This morning, I published Renewing the Alliance for Fair Access.
It is the sixth annual report of the Commissioner for Fair Access and the first for which I am responsible, since I stepped into the very big boots of Peter Scott and assumed responsibility for the role in January 2023.
I have made 20 recommendations and outlined my ten priority issues for 2024.
Something old and something new
Peter made 78 recommendations over his five reports, responding to the 34 recommendations in A Blueprint for Fairness, the agenda-setting report of the Commission on Widening Access, published in 2016. Just as my predecessor found it necessary to make subsequent recommendations on issues that featured as recommendations in earlier reports, some of the content in my report will be familiar.
For example, I re-affirm that the primary focus of fair access work should continue to be improving outcomes for those who experience or have experienced socio-economic disadvantage, which is not inconsistent with encouraging universities in Scotland to collectively specify a basket of indicators from which individual HEIs may draw to demonstrate their wider work in promoting fair access. And, I implore funders to act on the advice of the previous Commissioner for Fair Access, specified as a recommendation in each of his last four annual reports, to commit to more secure and longer-term funding for Scottish Community of Access and Participation Practitioners (SCAPP).
However, these are challenging times and it is time for something new. As was acknowledged by many Scottish HEIs in their reflections on fair access in their latest Outcome Agreements with the Scottish Funding Council, the pursuit of fair access is set within a context of budgetary pressures for the sector, a cost-of-living crisis that is impinging on entrants’ decision-making, and legacy impacts of Covid-19 on recruitment. Most pertinently of all, progress has stalled. Although a record number of entrants came from Scotland’s most deprived areas in 2021-22, their share has flatlined (16.5 per cent). Furthermore, several Scottish HEIs indicated in their latest Outcome Agreement that either the number or proportion of entrants from the most deprived areas seems to have fallen in 2023-24. The prospect of 1,200 fewer places being made available to Scottish-domiciled students in 2024-25 adds further uncertainty.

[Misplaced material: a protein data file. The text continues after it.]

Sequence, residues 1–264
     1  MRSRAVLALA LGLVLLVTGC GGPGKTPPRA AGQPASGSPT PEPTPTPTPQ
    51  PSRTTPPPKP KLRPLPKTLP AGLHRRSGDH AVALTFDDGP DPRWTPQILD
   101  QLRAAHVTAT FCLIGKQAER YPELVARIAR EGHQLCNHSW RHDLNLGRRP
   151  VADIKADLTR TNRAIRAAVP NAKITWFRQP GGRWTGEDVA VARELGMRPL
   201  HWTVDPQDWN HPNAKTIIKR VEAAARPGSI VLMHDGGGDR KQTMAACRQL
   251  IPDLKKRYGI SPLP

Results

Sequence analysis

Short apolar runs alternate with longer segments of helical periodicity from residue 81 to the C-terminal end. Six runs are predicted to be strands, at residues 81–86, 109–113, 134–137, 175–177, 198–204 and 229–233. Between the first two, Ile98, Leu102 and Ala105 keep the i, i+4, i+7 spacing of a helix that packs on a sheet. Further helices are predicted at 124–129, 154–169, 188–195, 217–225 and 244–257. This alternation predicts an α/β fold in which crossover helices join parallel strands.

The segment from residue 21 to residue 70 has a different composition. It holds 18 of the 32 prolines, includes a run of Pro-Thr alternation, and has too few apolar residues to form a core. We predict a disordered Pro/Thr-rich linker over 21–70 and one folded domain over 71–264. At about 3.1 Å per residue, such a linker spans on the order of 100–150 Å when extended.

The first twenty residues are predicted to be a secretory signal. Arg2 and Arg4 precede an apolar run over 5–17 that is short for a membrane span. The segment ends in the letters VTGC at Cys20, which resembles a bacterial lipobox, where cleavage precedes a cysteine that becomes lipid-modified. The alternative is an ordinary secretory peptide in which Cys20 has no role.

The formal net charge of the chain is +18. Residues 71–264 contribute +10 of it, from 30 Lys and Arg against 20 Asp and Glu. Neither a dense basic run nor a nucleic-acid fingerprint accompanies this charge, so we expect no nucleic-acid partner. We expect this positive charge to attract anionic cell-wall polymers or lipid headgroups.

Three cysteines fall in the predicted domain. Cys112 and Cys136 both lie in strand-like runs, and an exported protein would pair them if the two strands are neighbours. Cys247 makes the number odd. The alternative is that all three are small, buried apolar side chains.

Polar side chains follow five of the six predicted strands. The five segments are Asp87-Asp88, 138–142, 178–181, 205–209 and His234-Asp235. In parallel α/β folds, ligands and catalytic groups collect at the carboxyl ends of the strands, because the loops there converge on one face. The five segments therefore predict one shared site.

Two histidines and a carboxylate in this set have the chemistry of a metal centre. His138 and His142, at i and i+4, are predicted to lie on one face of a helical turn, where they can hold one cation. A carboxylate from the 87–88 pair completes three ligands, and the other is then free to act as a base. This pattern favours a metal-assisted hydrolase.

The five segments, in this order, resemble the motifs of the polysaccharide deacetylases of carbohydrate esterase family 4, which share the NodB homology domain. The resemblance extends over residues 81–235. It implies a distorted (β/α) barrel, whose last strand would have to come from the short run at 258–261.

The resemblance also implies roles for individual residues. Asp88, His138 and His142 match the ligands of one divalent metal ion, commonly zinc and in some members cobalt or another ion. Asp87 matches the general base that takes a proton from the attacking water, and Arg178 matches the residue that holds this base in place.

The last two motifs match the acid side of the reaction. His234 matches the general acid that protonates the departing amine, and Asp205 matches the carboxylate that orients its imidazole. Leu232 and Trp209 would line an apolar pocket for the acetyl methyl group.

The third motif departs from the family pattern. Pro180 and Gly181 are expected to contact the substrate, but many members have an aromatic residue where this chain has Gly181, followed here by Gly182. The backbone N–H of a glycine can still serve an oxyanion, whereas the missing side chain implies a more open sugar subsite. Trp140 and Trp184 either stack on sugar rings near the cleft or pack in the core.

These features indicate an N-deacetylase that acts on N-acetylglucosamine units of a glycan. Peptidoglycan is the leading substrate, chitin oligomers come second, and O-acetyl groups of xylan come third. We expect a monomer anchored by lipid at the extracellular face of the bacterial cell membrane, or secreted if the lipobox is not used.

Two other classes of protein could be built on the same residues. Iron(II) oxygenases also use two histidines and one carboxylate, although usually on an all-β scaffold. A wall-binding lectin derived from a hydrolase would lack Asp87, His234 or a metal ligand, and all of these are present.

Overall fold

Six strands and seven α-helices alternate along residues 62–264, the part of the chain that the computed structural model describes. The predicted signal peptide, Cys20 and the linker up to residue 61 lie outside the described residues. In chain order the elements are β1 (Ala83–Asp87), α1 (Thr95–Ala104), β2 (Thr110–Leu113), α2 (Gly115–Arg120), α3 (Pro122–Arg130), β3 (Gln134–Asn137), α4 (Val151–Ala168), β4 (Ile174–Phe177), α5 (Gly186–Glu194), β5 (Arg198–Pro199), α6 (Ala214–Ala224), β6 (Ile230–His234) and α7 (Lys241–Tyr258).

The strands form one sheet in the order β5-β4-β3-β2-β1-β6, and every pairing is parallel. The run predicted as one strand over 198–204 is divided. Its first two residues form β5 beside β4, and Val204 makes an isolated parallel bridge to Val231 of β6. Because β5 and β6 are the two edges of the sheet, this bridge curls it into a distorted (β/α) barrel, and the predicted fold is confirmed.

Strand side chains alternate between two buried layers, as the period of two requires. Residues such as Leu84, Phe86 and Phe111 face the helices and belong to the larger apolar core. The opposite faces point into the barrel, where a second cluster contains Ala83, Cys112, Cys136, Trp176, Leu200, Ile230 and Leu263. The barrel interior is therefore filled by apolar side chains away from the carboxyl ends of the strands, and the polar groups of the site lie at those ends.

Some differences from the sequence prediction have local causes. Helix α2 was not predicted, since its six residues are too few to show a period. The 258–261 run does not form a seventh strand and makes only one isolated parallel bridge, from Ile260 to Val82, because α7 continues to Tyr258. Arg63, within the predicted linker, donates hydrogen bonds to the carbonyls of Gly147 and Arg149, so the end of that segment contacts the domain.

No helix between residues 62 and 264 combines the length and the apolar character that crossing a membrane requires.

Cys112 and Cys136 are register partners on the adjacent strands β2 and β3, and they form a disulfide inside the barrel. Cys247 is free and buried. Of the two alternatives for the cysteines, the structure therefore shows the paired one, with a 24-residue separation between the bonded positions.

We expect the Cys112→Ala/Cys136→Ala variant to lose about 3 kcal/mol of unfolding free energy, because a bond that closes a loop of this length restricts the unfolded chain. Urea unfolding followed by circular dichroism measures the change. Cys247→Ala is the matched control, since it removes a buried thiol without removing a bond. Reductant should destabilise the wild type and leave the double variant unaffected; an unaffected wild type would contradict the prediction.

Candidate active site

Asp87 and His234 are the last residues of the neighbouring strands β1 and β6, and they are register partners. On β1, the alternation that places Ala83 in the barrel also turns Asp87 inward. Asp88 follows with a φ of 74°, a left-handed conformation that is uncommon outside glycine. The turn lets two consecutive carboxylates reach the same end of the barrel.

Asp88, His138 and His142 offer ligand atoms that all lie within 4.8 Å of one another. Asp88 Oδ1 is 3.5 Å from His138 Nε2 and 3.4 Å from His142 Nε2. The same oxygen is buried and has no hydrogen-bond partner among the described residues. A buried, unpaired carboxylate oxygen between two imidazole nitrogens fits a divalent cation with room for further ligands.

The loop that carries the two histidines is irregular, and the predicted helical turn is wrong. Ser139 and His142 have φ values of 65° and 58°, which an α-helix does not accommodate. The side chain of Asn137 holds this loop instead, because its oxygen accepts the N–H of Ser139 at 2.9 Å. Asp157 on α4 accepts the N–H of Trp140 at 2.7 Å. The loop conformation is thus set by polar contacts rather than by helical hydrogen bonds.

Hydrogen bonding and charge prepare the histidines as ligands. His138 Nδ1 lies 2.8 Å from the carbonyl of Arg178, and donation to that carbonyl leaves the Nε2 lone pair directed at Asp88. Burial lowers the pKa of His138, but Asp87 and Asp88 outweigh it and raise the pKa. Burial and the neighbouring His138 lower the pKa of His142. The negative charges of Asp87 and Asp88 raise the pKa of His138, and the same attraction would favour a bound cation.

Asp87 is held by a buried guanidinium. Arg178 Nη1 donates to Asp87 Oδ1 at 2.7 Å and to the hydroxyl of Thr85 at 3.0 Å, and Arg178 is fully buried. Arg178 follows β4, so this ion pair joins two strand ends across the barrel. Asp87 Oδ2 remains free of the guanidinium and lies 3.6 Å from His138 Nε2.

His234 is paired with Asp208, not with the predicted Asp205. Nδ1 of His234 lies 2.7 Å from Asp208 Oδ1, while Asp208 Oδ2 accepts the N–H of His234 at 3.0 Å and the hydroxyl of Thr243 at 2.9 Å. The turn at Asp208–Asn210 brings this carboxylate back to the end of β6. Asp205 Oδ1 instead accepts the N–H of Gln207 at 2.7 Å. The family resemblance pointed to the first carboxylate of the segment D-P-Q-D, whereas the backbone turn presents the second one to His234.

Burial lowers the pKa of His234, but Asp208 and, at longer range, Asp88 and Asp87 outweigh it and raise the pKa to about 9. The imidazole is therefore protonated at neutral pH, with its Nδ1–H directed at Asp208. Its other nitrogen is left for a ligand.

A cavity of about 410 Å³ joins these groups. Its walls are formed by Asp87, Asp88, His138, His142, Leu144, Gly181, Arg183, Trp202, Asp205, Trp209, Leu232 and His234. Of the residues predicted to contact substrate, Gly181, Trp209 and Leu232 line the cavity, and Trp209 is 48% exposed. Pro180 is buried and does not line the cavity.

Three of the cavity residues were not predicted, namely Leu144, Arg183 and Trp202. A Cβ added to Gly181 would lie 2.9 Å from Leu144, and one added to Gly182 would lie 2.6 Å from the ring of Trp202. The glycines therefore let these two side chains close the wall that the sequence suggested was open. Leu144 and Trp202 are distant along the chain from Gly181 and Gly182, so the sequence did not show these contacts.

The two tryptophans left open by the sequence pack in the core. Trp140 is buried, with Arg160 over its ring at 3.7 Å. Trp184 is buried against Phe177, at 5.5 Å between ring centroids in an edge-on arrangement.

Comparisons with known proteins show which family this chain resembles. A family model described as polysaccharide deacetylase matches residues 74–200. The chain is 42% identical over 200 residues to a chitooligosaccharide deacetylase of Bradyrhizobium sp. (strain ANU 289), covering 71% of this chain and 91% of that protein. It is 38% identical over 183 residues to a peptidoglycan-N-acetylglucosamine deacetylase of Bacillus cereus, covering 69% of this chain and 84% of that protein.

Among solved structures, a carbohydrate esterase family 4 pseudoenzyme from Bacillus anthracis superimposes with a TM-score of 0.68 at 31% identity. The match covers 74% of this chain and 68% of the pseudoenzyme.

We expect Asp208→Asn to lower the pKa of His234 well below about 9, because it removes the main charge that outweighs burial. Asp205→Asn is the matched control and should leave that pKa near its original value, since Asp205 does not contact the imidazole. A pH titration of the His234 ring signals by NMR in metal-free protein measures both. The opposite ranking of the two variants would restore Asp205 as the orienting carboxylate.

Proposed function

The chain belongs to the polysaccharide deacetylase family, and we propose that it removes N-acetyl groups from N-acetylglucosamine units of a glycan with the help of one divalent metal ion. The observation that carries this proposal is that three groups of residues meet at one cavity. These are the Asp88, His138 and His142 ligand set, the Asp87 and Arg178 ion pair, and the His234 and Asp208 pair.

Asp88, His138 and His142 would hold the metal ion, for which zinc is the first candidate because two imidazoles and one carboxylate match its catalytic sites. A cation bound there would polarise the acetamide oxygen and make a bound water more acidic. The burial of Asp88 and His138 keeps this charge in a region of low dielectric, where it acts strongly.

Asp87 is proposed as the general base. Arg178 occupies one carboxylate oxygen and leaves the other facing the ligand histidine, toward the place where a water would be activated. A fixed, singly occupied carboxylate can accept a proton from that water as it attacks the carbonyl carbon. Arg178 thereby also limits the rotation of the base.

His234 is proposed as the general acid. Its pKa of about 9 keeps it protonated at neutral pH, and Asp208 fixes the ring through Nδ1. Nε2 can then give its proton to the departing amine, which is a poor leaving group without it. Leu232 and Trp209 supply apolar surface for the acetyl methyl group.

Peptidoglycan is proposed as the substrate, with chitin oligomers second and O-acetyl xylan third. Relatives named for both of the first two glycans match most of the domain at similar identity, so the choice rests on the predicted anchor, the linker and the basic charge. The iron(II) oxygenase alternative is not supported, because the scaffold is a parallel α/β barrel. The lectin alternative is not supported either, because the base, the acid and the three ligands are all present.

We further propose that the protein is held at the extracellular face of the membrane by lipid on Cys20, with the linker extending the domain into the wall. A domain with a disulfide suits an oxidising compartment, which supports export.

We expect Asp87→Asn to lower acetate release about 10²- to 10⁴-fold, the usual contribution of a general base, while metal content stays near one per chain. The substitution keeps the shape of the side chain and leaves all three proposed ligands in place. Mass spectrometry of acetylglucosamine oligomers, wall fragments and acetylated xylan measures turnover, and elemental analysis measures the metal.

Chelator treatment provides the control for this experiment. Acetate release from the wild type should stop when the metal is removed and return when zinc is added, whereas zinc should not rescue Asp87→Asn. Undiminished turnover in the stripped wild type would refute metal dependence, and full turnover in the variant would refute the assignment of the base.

On the other hand, there is some re-assurance that the new leadership in the Scottish Government remains committed to fair access, having re-asserted that it aims to meet the next interim target of 18 per cent of full-time first degree entrants to universities coming from the most deprived communities in Scotland by 2026. To achieve this, business as usual will be a necessary, but insufficient, condition.
Something borrowed, lots to do
My name might be on the cover page, but I have unashamedly drawn from the collective expertise and experience of those working to promote fair access in Scotland. Over the course of 2023, I had 111 engagements, which included visiting and/or engaging each of Scotland’s 19 higher education institutions, and many specialists and interest groups, all of which provided an abundance of ideas and inspiration.
In pitching my report to the wider public, I have emphasised that record numbers of entrants to higher education from Scotland’s most deprived areas has not – as yet – been at the expense of those from the least deprived areas, whose numbers have themselves increased by 8.4 per cent since 2013-14. Over the course of 2023, there has been some murmurings of discontent that the promotion of fair access is squeezing out others. I foresee that I will be spending more time engaging with others on this issue in the years ahead.
In some respects, this is a transitional phase for fair access work in Scotland. The tightly defined metric and narrow focus for its work to date – Scottish-domiciled, full-time, entrants, most deprived areas – has been an asset. However, there is a need to recalibrate to give more attention to other matters, for example, part-time students, graduate apprenticeships, variation across disciplines, and student experience, among others. This should involve a move away from reliance on an area-based metric to take account of disadvantage at the level of the individual.
Before we ask for more, we need to make what we have work harder. We need to make better use of the data we already have and make better use of the research talent that can capitalise on this. The Hayward review of school education qualifications in Scotland recommended that the learner takes ownership of their profile, available digitally, as they progress through and beyond school learning: this might be the catalyst for developing the means to track learner journeys, and to better understand pathways to fair access. However, the case for investment will be stronger when higher education can demonstrate that it optimises its use of all the data currently at its disposal to achieve fair access.
Although there is shared purpose, this does not always amount to collective endeavour. Universities in Scotland must collectively agree what intelligence is in the national interest to promote fair access (as opposed to that which is commercially sensitive), and thereafter ensure that this intelligence is made available and shared to all relevant stakeholders in Scotland.
Of course, fair access will not be achieved by universities alone – we know this already. I intend to be much more proactive in engaging all stakeholders with contributions to make.